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India in the global economy

Author

Listed:
  • Brahmbhatt, Milan
  • Srinivasan, T.G.
  • Murrell, Kim

Abstract

This study reviews trends in the process of India's integration into the world economy in the context of the experience of developing countries as a whole, and evaluates the main factors which may hamper the pace at which integration occurs in the future. Based on a consideration of prospects for key export sectors, the study appraises the prospects for a major improvement in some export sectors targeted by the government. Finally, it assesses the potential effects of increased foreign direct investment in the Indian economy. The study concludes that India's progress in global integration has been modest and its level of integration remains low with only modest future prospects because macroeconomic policies, notably a large fiscal deficit, and comparatively high trade restrictions block and discourage foreign investors, transportationand communications infrastructures are weak and inefficient, and the large labor pool is on the whole qualitatively inadequate and inflexible. Moreover, India remains vulnerable to a combination of external and internal shocks, specifically to unexpected oil price increases and domestic production stagnation, to foreign interest rate fluctuations and macroeconomic instability triggered by the combination of a large deficit, to high domestic consumption, to low investment and export growth, and real exchange rate appreciation.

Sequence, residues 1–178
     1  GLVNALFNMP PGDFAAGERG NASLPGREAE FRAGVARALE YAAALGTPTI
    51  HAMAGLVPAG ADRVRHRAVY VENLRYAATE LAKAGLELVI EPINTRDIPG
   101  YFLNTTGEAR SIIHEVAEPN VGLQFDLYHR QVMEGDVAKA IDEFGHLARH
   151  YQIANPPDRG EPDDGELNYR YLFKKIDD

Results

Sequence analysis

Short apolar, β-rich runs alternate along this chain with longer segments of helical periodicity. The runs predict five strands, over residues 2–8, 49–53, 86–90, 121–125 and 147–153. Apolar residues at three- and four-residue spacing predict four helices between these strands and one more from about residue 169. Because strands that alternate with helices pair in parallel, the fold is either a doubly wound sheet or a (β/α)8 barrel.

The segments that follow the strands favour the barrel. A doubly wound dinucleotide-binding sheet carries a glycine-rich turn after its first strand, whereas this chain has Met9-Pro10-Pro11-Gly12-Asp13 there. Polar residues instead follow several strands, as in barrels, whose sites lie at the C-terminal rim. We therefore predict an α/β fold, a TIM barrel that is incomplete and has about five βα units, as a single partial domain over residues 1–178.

Suggested Citation

  • Brahmbhatt, Milan & Srinivasan, T.G. & Murrell, Kim, 1996. "India in the global economy," Policy Research Working Paper Series 1681, The World Bank.
  • Handle: RePEc:wbk:wbrwps:1681
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    References listed on IDEAS

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    Cited by:

    1. Kishor Sharma, 2000. "Export Growth in India: Has FDI Played a Role," Working Papers 816, Economic Growth Center, Yale University.

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